What’s Important Now (WIN)

I know, it’s a little corny, but instead of writing out a “To-Do List” — which implies hard labor and/or something I force myself to do — these days I write “WIN” on the top of my index cards. WIN stands for, “What’s Important Now”, and I find that this change in wording changes my attitude towards the things that need to be done. Rather than thinking, “Ugh, okay, what do I have to do next,” I now think of these tasks as important to me, my future, and my success.

He just reset our karmic destiny

“I have no idea who that guy was, but I know that he just reset our karmic destiny.”

(A quote from the book, Love Everyone, that makes me wonder how many times our karmic destiny is reset and we don’t notice it.)

“Life is like a dream”

When you hear mindfulness people say something like, “Life is like a dream,” one thing they mean is that more than 99.99% of the stuff going on in our minds are thoughts about the past and the future. (Past happiness or regrets, and future hopes and concerns.) Because the only thing that’s real in the present moment is what’s actually happening in *only this moment*, anything that’s outside of this moment is in a strict sense no longer real.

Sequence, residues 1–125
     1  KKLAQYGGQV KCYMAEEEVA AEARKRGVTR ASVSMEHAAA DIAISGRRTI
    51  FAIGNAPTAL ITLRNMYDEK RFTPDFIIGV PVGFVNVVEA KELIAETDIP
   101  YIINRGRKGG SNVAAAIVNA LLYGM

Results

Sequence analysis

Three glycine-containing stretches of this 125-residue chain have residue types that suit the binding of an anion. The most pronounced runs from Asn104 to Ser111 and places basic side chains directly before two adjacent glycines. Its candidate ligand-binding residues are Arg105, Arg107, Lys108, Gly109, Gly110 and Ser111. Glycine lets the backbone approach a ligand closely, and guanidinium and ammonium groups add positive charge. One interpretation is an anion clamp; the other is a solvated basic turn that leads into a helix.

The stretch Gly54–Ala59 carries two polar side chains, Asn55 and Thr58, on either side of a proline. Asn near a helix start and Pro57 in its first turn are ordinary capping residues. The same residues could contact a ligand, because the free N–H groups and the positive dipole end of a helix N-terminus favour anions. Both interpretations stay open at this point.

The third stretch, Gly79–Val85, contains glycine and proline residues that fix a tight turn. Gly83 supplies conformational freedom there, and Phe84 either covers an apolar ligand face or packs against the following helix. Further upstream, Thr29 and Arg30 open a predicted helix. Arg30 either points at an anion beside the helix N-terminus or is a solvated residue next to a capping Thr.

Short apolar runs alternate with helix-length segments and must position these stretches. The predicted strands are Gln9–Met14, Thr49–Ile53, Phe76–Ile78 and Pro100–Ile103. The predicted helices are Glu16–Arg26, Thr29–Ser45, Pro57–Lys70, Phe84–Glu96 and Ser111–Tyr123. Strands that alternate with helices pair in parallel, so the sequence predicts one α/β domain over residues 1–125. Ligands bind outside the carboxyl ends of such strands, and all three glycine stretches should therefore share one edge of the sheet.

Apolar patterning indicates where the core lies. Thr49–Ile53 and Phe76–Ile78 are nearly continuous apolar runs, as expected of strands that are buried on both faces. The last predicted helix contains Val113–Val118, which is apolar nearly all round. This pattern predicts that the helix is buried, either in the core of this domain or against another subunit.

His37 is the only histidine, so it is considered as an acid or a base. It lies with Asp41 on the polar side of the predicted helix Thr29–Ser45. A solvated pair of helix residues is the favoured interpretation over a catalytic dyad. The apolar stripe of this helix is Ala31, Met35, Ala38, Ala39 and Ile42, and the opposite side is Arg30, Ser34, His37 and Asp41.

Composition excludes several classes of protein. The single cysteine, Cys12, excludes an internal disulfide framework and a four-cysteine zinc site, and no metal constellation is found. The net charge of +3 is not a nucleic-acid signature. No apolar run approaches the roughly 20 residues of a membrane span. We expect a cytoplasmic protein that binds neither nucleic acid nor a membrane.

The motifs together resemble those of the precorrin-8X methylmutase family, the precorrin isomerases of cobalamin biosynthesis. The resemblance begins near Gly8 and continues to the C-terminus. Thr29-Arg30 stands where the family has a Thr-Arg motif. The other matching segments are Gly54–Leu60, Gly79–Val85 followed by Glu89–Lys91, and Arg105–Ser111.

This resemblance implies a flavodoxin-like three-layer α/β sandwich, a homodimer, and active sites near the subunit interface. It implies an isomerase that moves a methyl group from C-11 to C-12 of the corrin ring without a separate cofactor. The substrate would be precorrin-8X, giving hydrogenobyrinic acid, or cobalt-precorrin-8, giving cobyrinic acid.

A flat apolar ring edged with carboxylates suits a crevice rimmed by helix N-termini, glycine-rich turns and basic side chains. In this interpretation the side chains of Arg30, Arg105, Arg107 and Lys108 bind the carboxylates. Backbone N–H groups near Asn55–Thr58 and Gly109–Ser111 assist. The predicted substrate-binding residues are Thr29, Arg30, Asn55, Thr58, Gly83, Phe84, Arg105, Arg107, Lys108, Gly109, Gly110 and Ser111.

Along this line of thinking I like Eckhart Tolle’s two quotes, “The present moment is all you ever have” — you know that to be true for sure if you’ve ever lost consciousness, not knowing if you’d ever open your eyes again — and, “The whole essence of Zen consists in walking along the razor’s edge of Now.”

Industrial robot costs to drop 65%

According to ARK Invest, the cost of industrial robots will drop 65% by 2025. As they write, “Combined with advances in machine learning and computer vision, this drop in costs should cause an inflection point in the demand for robots as they infiltrate new industries with more provocative use cases.” (Image from the ARK Invest website.)

Looking at some differences between Scalaz Task and Scala Future

Table of Contents1 - The Scala Future example2 - The Scalaz Task example3 - What happens when you call the Future twice?4 - What happens when you call the Task twice?5 - Is one approach correct?6 - Source code

Some time ago I was searching for something and came across this Reddit thread about this tweet from Timothy Perrett, who leads Scala teams at Verizon:

“The fact that #scala Future is not lazy just blows my mind. After years of using Scalaz Task, Future is now totally unusable.”

The last part of that tweet is a bit of hyperbole to me, as I’ve been using the Scala Future for a long time myself, and I’ve had no problems using it. That being said, the examples at the top of the Reddit page were interesting, so I decided to try to understand the differences.

Future Board (like Flipboard, with Scala Futures) alvin September 19, 2017 - 5:07pm

I’m working on a little app for my Scala & functional programming book I currently call “Future Board.” It works a little like Flipboard in getting news headlines from different sources, but it uses Scala Futures and a few other functional programming techniques.